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St. Clair Shores

February 5, 2014

‘Animal lover’ rescues dog from Lake St. Clair ice

By Kristyne E. Demske
C & G Staff Writer

» click to enlarge «
Lucy, a 1-year-old boxer owned by the Sawka family, was rescued Jan. 20 from Lake St. Clair.

ST. CLAIR SHORES — Luck, timing, bravery and social media all made a difference in the life of a local dog last month, after she escaped her backyard and ended up almost five miles from home, on the cracking ice of Lake St. Clair.

Lucy, a 1-year-old Boxer, knows how to open the gate at her home in the area of Masonic Boulevard and Harper Avenue. That’s why there is an extra chain on the fence at the Sawka house. But the morning of Jan. 18, Lisa Sawka said a family member forgot to chain the gate when letting Lucy outside.

“Normally, she’ll sit at the front door and cry,” Sawka said. “But this time, she didn’t.”

Instead, the dog ran away from home. The family immediately began posting flyers and photos of the missing dog around town, putting messages on Facebook asking for anyone who had seen the dog with the purple collar to help, and calling the police.

The family looked for their furry friend all weekend in the frigid temperatures, but to no avail.

Meanwhile, 29-year-old Jonathan Szkola, of St. Clair Shores, decided to use his day off Jan. 20 to hit the lake with some friends for ice fishing. He was on the canal in Emerald Marina, next to Brownie’s on the Lake restaurant, when something out on the lake caught his eye.

“I seen something running around, back and forth, frantically,” he said.

He walked farther out on the lake to the open water, where others were fishing, as well, to see what they were catching but also because his curiosity had been piqued by the movement he saw out on the lake.

“I’m just watching out my peripheral (vision) … then we see it just plop in the water,” he said.

Despite his friends’ warnings of it being too far out on the lake, Szkola ventured out to investigate and discovered a 3-foot by 4-foot hole cut in the ice.

“The dog trotted over it, it wasn’t completely frozen over,” he said. “The closer I got, I seen it was a little Boxer. I was like, ‘Oh no.’ I dropped my stuff, ran over there. I don’t know how it survived that long. It took me 10-15 minutes to get out there.”

The dog had icicles on its whiskers, he said, so he pulled it quickly out of the water.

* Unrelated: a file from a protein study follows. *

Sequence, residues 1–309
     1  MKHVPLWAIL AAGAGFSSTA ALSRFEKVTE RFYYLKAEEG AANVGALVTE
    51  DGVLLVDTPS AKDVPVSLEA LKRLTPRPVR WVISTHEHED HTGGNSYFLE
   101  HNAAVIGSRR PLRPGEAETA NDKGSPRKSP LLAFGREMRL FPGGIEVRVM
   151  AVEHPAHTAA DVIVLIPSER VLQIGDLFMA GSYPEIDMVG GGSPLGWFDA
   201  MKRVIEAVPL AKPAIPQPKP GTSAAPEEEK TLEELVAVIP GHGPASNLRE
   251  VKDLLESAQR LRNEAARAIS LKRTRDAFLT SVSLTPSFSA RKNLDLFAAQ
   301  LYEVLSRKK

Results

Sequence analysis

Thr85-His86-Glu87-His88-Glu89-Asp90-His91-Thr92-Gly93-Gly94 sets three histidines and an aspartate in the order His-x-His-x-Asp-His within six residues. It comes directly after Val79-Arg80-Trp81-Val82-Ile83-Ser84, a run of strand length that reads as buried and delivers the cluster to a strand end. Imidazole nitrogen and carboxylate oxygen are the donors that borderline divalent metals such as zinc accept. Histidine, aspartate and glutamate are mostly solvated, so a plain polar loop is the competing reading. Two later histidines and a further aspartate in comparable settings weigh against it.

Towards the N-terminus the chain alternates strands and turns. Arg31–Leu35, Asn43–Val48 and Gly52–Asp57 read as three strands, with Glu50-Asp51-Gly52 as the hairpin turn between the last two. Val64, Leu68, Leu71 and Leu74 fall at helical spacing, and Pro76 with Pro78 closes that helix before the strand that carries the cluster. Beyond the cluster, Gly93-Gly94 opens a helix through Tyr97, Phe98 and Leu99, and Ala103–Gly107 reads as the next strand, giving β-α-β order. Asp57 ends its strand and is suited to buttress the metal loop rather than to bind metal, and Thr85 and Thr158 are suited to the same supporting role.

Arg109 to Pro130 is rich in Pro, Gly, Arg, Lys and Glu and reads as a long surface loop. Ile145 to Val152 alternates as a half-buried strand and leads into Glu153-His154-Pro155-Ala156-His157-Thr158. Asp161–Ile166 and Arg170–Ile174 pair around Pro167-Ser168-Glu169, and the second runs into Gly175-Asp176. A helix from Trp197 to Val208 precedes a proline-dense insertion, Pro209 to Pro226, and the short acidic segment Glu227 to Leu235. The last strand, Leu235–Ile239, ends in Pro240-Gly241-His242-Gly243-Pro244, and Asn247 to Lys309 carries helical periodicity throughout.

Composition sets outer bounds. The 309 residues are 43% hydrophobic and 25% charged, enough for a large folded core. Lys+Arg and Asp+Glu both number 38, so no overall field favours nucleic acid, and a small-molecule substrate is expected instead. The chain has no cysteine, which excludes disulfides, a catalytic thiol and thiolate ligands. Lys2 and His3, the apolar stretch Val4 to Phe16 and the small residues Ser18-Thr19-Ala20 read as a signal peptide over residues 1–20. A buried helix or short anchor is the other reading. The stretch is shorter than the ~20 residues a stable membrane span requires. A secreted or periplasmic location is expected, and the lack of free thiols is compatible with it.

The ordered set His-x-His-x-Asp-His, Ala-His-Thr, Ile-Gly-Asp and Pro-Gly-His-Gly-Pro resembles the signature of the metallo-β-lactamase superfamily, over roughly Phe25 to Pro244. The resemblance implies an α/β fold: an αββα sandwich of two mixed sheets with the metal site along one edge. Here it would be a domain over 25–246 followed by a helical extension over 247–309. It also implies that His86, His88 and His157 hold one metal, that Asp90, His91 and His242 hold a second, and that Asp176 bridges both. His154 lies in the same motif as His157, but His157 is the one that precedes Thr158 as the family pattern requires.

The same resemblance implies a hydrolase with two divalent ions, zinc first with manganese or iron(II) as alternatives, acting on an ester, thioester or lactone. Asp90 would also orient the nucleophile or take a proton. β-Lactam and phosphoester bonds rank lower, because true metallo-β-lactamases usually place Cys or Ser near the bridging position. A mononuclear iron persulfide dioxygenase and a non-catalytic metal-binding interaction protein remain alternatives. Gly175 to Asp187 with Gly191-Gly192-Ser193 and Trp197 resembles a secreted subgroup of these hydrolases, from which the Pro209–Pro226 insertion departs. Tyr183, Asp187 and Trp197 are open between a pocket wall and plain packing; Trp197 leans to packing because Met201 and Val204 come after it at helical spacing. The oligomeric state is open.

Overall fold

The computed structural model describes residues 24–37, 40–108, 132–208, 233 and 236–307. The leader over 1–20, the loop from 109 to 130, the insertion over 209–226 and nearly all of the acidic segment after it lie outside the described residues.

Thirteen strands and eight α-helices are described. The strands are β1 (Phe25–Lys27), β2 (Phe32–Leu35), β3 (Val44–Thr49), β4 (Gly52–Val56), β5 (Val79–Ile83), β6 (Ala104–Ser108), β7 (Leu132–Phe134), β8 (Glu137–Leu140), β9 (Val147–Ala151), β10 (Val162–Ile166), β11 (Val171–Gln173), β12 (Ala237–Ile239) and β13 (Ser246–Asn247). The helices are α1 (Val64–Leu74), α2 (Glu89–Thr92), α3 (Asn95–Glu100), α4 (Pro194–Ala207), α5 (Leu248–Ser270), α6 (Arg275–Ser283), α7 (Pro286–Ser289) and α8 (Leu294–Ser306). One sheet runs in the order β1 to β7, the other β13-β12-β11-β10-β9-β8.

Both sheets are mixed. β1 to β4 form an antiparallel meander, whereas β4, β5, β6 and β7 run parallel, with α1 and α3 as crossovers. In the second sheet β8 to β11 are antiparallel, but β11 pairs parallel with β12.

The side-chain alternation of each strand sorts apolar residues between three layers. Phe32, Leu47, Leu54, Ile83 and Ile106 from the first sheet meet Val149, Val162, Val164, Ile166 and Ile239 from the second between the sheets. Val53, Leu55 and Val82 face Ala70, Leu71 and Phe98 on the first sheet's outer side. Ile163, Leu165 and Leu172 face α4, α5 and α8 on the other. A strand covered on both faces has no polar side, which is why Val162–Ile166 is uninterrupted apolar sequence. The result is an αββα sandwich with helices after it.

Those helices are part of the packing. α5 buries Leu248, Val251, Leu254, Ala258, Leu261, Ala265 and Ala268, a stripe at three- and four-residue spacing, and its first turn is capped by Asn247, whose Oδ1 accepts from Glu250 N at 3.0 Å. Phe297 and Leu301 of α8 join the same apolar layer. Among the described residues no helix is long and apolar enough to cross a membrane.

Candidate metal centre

“I had a big, bulky hoodie on,” he said. “Took it off, tried to dry her off real quick.”

Setting the dog down for a moment to grab his fishing equipment, she ran off again, but Szkola followed her to a marina farther south. Meanwhile, his friends saw him disappear and feared the worst. They called 911 for help.

When the police found him and the dog, he turned her over to them, hoping they would reconnect her with her owner.

But Szkola couldn’t stop thinking about the dog and so, after he went home and got warm and dry, he headed over to the VCA Animal Hospital on Harper Avenue, where he had been told she would be taken. He also took a moment to post on Facebook about the dog he had found with a purple collar, asking friends to share the information in the hopes of finding her owner.

“Some woman … messaged me on Facebook,” he said. She told him that she had found a photo of a dog on a lost and found pets site that was a Boxer with a purple collar. “It fully resembled the dog. They said her name was Lucy.”

He asked the veterinarian to call the dog by that name, and “she started wiggling her butt,” Szkola said.

Later that night, he got a message from a friend, Jared Sawka. It turns out, Lucy was his family’s dog.

“It all kind of clicked,” Szkola said. “I’m an avid animal lover and I’d expect somebody else to do the same for my dog.”

Lisa Sawka said a woman who had seen the flyers told her she would post Lucy’s photo to the “For the Love of Louie Michigan Lost Pet Lookers” Facebook page.

“It was really weird, but thank goodness for every social network that there is out there,” Sawka said. “That is the only way we got our dog back.”

She said they got a call the evening of Jan. 20 from someone who had seen both their and Szkola’s Facebook posts.

“We looked … and we knew it was her,” she said.

Sawka said she felt terrible after learning that her dog had fallen through the ice and didn’t know then if Lucy was going to make it. She was nervous as she made her way to the veterinary hospital.

“The minute she saw me, she was just all over me,” Sawka said of the dog. “She’s doing absolutely wonderful.”

She said she can’t believe Lucy made it so far away from home, but she’s grateful for Szkola’s actions.

“We’re floored by the whole thing,” she said. “It takes that right person at the right moment, and he was there.”

You can reach C & G Staff Writer Kristyne E. Demske at kdemske@candgnews.com or at (586)498-1041.